Not only should you NOT use this feature, but you should also see if there is a "GAME" mode which means minimal video processing. You may also be able to manually turn down or disable some video processing settings for that specific HDMI input if there is no game mode.

    Other:
    There is a feature coming called "FAST SYNC" (NVidia) which works if you can create at least 2x the refresh. For example, on a 60Hz monitor/HDTV if you output at least 120FPS you will still only draw 60FPS to the screen (some frames are dropped) but you get less LAG. Responsiveness is faster. It works because the monitor draws the very latest frame created and not the slightly older one that gets dropped.

    Fast Sync does work, I've tested it.

    Another option to enable is "Adaptive VSYNC" which toggles VSYNC ON and OFF. If you create at least 60FPS then you get locked to 60FPS and synched to the refresh (to avoid SCREEN TEARING).

    If you drop below 60FPS from the GPU output then VSYNC is now OFF which causes screen tearing but this avoids the STUTTER causes by the varying frame times (if you miss a refresh then the same frame is drawn again so you end up with multiples of 1/60th second... different frame times in the same second cause a micro-stutter).

    *You can enable via NCP-> Manage 3D settings-> add game-> ... save

    A good rule of thumb for settings with Adaptive VSYNC is to tweak game settings so you maintain 60FPS (60Hz monitor) at least 90% of the time. If screen tear becomes too frequent then go back and drop a few settings such as 8xMSAA to 4xMSAA to reduce the time below 60FPS.

    (I don't set it globally because it causes issues in some applications such as causing SCREEN TEAR in game videos unless they are 60FPS)

    For 144Hz game monitors (that aren't GSync or FreeSync) there is a "Half" option of Adaptive VSYNC which drops you to 72FPS. It's actually a very good choice since 144FPS can be hard to achieve at least 90% of the time even with a high-end PC.

    Summary:
    - motion smoothing BAD due to added latency (video processing time)
    - FAST SYNC coming
    - Adaptive VSYNC per game
  7. Best answer
    *Update:
    Please note some of the above comment refers to HDTV issues, and some relate to MONITOR.

    Motion blur (120Hz/240Hz) is a post-processing done on HDTVs to make video smoother which is really only ideal for SPORTS like soccer and hockey.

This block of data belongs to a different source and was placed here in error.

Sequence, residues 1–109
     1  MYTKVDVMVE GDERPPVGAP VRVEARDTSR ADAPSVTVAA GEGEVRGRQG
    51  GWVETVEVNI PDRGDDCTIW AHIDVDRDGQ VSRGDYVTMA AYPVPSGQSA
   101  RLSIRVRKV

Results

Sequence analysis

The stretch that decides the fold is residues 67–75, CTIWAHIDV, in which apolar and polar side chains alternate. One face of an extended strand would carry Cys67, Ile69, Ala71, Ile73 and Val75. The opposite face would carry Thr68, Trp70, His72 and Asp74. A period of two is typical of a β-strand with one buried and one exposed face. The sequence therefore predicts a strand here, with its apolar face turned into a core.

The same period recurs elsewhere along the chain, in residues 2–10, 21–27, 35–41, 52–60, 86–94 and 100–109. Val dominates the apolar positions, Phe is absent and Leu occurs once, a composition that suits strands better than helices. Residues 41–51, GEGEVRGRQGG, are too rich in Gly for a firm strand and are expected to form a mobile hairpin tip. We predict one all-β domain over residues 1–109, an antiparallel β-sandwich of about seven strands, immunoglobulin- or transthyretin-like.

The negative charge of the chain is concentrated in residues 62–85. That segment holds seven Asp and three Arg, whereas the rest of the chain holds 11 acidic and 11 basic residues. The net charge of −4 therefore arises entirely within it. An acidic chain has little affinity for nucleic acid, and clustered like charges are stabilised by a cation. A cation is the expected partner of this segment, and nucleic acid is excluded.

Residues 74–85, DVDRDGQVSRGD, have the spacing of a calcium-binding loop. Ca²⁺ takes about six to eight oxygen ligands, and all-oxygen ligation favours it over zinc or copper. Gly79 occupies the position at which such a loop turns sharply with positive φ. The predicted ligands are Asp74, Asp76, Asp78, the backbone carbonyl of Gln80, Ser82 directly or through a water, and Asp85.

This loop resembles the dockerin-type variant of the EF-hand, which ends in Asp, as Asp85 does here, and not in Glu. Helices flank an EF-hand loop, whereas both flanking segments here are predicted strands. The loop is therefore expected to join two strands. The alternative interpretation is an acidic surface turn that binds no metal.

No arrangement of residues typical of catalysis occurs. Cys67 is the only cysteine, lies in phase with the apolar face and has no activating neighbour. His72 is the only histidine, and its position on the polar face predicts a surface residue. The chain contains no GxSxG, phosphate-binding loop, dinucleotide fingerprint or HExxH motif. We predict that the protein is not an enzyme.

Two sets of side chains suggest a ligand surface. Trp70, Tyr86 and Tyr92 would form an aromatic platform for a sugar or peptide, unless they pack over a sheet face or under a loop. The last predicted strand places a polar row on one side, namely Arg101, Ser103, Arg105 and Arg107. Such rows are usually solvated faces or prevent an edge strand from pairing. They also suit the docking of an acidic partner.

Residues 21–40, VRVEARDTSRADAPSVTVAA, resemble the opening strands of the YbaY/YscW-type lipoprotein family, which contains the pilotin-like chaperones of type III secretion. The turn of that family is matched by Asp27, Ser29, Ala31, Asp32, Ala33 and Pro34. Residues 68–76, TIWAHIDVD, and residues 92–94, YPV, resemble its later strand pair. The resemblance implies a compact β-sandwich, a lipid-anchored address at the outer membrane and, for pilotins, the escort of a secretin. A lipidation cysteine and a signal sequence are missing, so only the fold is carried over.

144Hz monitors should use one of:
    - VSYNC
    - Adaptive VSYNC
    - Half Adaptive VSYNC (RadeonPro has the same feature called Dynamic VSYNC which has a "Half" version as well. It works.)
    - NO VSYNC
    - GSYNC mode (GSync monitor with NVidia GPU)
    - Freesync mode (Freesync monitor with AMD GPU)

    *IMPORTANT*
    The most important thing to know for PC gaming IMO is:
    a) which of the above choices (Adaptive VSYNC?) to use for a particular game, and
    b) how to then TWEAK the game settings to optimize for that choice.

    For example, do NOT enable normal VSYNC then run the game below 60FPS as you'll get added STUTTER. Using VSYNC is a good choice if you know you'll never drop below 60FPS. You don't want to just enable Adaptive VSYNC because it can cause screen tearing in cut scenes.

    With Adaptive VSYNC as said above you want to adjust so you rarely drop below the target (i.e. 60FPS) but don't drop the settings so low that you NEVER drop but are now playing with reduced visual quality.

    Freesync and GSYNC are pretty straight forward if the refresh is 144Hz. Basically crank the visuals up to maximum then drop a few settings if you want a bit higher FPS. Maybe 50FPS is fine for medium/slow games but you want at least 100FPS for shooters.

    *I know it's confusing, but maybe COPY this so you can research some of the ideas here and get a grasp on game tweaking.

    A good Freesync monitor (27" IPS, 2560x1440, 144Hz) is about $550USD. A GSYNC version is about $750USD.

    These asynchronous monitors are great, however just too expensive IMO. Unfortunately when on a budget you have to choose between:
    - asynchronous or not
    - resolution (2560x1440)
    - IPS vs TN
    - Refresh rate (60Hz, 144Hz)

    Personally, I'd look into a 2560x1440, 60Hz, IPS monitor for $350 or so. To me, IPS is a must-have. After that I prefer the screen resolution of 2560x1440.

    I think $550 for a good Freesync monitor is doable, but then the only AMD GPU I feel comfortable recommending is the RX-480 (non-reference) and pairing a $250 GPU with a $550 GPU seems weird to me.

    But then a GTX1070 + $750 GSYNC monitor is getting pretty expensive when you add everything up. Probably about $2000.

    Other:
    PCPARTPICKER is pretty useful to experiment with building a PC.
Ask a new question

Read More

Video Games Playstation 4 Monitors Gaming PCs